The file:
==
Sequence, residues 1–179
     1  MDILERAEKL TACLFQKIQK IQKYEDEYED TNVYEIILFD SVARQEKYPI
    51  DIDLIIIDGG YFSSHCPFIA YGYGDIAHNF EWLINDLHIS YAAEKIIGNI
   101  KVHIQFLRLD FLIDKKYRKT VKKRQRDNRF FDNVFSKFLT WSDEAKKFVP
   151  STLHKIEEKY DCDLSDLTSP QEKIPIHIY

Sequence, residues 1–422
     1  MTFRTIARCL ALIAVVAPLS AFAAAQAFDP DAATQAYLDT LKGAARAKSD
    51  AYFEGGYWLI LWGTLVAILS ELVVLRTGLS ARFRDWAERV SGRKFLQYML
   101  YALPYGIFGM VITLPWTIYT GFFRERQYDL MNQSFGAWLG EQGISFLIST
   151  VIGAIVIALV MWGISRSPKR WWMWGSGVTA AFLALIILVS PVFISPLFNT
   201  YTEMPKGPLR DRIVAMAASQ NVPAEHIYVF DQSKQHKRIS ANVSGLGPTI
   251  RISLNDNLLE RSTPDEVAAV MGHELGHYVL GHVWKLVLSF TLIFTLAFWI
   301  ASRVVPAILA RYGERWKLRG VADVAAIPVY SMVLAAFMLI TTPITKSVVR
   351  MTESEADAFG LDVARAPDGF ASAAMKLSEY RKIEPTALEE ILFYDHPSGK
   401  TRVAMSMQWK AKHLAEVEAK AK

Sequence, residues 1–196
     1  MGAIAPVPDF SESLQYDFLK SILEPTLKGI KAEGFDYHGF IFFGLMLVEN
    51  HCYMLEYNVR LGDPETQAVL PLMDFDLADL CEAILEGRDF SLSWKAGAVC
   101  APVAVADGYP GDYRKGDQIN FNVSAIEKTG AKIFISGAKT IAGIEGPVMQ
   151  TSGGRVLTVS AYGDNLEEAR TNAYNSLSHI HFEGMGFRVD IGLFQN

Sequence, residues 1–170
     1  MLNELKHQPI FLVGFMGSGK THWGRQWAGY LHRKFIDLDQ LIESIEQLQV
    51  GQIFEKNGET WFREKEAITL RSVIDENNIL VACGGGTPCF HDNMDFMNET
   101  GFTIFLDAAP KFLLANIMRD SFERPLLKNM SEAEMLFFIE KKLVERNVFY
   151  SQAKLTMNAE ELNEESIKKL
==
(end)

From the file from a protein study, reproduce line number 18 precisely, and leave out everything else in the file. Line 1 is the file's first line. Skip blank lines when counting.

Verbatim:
    51  HCYMLEYNVR LGDPETQAVL PLMDFDLADL CEAILEGRDF SLSWKAGAVC